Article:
As I’m finding out all too quickly on Twitter, masking ones identity can lead to all kinds of interesting story angles, whether they might be true, or not. It seems obvious now that Theo Epstein on Twitter is not THE Theo Epstein.
But, when it comes to commentary online, anonymity can mask individuals in high place... or not.
Take Atlanta Journal Constitution reporter Kristi Swartz and Atlanta Hawks and Thrashers minority owner, Bruce Levenson. Levenson, a journalist by profession, mind you, was tracked down my Swartz to deal with a matter that was said to be so sensitive that a meeting in person needed to take place. I’ll let Levenson take it from here via this week’s edition on the SportsBusiness Journal online:
Her earth-shattering topic: She wanted to know if I was “Whammer.” She produced a stack of printouts from “Whammer.”
It seems “Whammer” has been e-mailing the AJC frequently in recent years in response to sports columnist Jeff Schultz’s articles critical of my teams, our management and our ownership. Whammer’s rambling rants attack Schultz, while defending the Hawks and Thrashers organization. In one of his many posts, Whammer echoes the oft-stated but ridiculous notion that Atlanta fans are bad fans who do not support their teams. This notion first surfaced, as best I know, when the Braves failed to sell out some playoff games in the 1990s.
I explained to Swartz that I was not Whammer. I have responded to AJC articles and others, but always in my own name. It’s one of the values I’ve stressed to the journalists at my own company: You lose credibility with anonymity.
The op/ed then goes on to say that Shwatz did not believe him and that the AJC had traced Whammer’s e-mail address to Levenson’s company internal network.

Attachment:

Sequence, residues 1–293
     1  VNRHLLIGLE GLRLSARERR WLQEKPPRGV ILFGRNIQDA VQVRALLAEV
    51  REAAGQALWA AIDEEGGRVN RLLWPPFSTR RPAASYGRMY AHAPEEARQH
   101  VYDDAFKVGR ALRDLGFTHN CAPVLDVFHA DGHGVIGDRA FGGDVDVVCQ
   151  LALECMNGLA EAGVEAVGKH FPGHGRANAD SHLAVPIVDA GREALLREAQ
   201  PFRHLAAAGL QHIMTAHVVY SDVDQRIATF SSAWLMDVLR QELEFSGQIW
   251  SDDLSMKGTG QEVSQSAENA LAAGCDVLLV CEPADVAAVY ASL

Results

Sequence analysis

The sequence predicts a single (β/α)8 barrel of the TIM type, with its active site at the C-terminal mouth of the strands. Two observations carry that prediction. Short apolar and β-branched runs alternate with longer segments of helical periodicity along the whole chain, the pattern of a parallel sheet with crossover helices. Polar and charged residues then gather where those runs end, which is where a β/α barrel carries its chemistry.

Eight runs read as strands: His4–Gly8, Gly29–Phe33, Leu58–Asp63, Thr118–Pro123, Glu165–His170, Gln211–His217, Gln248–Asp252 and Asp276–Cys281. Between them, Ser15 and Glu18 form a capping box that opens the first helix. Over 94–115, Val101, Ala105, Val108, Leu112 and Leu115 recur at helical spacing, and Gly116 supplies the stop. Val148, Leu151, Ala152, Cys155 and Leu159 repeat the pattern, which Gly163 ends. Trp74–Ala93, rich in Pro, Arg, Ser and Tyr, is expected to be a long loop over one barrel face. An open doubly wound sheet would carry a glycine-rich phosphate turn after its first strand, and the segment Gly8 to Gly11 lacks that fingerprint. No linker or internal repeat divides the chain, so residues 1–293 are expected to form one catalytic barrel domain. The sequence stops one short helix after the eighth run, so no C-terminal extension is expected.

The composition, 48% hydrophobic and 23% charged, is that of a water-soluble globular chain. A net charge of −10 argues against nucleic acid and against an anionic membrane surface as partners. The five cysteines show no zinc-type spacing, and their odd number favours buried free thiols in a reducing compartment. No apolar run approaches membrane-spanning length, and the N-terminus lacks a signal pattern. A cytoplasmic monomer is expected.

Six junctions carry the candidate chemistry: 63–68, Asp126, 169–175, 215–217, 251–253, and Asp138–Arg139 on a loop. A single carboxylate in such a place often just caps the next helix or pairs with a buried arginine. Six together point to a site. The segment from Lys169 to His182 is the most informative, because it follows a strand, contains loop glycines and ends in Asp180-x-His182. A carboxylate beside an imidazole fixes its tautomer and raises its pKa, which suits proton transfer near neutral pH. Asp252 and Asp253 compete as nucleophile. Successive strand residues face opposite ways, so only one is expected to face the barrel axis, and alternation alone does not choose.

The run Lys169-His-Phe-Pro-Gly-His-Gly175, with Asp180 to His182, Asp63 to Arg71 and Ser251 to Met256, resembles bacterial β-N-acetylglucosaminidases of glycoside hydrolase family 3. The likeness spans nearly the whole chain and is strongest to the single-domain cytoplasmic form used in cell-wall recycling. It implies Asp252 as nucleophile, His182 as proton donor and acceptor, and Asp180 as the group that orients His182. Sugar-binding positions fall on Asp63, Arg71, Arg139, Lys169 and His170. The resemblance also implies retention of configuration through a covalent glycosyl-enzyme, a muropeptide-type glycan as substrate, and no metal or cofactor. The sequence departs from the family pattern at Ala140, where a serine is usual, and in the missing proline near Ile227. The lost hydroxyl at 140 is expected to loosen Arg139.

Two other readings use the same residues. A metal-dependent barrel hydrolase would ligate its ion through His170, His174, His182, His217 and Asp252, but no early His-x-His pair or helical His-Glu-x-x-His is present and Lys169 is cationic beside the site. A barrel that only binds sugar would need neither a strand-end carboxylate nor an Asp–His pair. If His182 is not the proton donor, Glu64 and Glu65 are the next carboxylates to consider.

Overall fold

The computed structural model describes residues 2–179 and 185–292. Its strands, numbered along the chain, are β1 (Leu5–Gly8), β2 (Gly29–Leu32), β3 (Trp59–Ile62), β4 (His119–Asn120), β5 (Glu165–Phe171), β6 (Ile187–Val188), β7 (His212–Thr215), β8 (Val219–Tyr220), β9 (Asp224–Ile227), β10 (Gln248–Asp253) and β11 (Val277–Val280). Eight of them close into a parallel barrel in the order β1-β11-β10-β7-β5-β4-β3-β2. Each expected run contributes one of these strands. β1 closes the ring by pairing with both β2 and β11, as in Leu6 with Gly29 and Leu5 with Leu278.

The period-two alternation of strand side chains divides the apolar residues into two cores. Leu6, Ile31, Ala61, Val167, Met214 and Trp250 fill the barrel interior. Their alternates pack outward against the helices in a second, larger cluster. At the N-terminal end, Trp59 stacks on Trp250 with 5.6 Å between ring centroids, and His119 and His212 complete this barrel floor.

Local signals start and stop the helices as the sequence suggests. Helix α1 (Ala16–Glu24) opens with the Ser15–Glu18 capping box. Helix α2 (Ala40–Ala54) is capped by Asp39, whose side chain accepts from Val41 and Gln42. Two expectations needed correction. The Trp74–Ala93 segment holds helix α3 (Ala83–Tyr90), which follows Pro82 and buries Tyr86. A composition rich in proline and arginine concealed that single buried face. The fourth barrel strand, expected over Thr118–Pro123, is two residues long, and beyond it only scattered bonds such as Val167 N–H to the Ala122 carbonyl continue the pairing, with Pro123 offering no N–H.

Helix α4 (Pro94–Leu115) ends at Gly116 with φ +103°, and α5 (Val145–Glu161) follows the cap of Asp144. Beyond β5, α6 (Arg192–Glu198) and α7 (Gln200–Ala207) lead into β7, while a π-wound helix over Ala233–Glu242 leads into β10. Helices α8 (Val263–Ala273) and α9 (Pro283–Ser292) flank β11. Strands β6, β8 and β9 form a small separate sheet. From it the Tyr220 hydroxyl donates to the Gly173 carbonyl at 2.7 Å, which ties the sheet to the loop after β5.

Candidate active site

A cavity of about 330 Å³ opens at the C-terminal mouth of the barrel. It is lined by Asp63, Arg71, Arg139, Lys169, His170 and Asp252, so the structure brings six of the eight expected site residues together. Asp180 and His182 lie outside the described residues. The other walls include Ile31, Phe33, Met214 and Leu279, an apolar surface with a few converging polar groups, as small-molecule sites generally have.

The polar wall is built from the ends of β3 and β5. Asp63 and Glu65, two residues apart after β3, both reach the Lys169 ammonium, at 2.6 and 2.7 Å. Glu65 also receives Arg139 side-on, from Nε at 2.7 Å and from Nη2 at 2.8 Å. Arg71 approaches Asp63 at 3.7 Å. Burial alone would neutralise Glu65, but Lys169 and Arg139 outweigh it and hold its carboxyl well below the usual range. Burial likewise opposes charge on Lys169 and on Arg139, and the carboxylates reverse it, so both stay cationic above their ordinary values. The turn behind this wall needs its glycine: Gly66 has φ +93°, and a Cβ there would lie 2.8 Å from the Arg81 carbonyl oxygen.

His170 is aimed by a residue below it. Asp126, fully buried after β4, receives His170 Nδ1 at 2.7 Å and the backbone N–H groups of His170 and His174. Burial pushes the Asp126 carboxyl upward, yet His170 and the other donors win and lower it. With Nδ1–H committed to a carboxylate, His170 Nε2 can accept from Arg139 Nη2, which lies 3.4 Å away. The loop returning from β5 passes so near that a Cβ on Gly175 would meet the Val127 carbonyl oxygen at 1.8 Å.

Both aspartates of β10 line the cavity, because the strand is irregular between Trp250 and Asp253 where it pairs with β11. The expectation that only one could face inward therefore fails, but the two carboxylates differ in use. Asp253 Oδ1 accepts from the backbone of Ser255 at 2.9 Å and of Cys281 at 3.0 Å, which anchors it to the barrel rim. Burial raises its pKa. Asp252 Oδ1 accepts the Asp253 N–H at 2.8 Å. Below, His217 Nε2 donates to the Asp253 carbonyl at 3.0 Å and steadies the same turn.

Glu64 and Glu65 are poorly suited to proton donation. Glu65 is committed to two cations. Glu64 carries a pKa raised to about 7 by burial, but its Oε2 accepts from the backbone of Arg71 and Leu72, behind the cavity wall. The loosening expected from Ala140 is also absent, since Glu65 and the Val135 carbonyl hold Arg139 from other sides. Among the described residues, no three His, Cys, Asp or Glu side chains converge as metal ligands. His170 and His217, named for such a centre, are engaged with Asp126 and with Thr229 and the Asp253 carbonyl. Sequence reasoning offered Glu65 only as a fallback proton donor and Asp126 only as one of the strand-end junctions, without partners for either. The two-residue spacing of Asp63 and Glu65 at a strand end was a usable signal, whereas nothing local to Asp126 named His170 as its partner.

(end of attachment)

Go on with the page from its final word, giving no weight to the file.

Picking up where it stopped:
It gets better. Levenson has said that he considered legal action in the matter, and then, online commentary has come into play.
In the comments section of the SBJ op/ed, Shawn McIntosh, the AJC public editor chimes in:
AJC reporters were curious about the identity of the commenter, believing it would be newsworthy if someone in a leadership position in the Spirit organization was criticizing Atlanta fans. They did what journalists do – reported the story by asking questions, including asking Mr. Levenson whether he was the person anonymously posting as Whammer, or whether someone was doing it at the ownership group's behest.
Once Mr. Levenson denied that he or other owners were behind the Whammer postings that criticized fans, there was no story. AJC reporters frequently pursue newsworthy angles that don't prove true. They don't write every story they report.
McIntosh then goes on to explain that the one error that the AJC made was looking up the IP address of “Whammer” to see if they could track it down to an individual.
The exchange outlines how traditional media and the world of social networking are intersecting. It’s a delicate dance that is being done, but one thing is certain: either Whammer is sweating bullets today, thinking that they may get fired at Sprint, or is doing virtual high-fives with others on some forum at the moment, while baiting others.
Maury Brown is the Founder and President of the Business of Sports Network, which includes The Biz of Baseball, The Biz of Football, The Biz of Basketball and The Biz of Hockey. He is contributor to Baseball Prospectus, and is available as a freelance writer. Brown's full bio is here. He looks forward to your comments via email and can be contacted through the Business of Sports Network.
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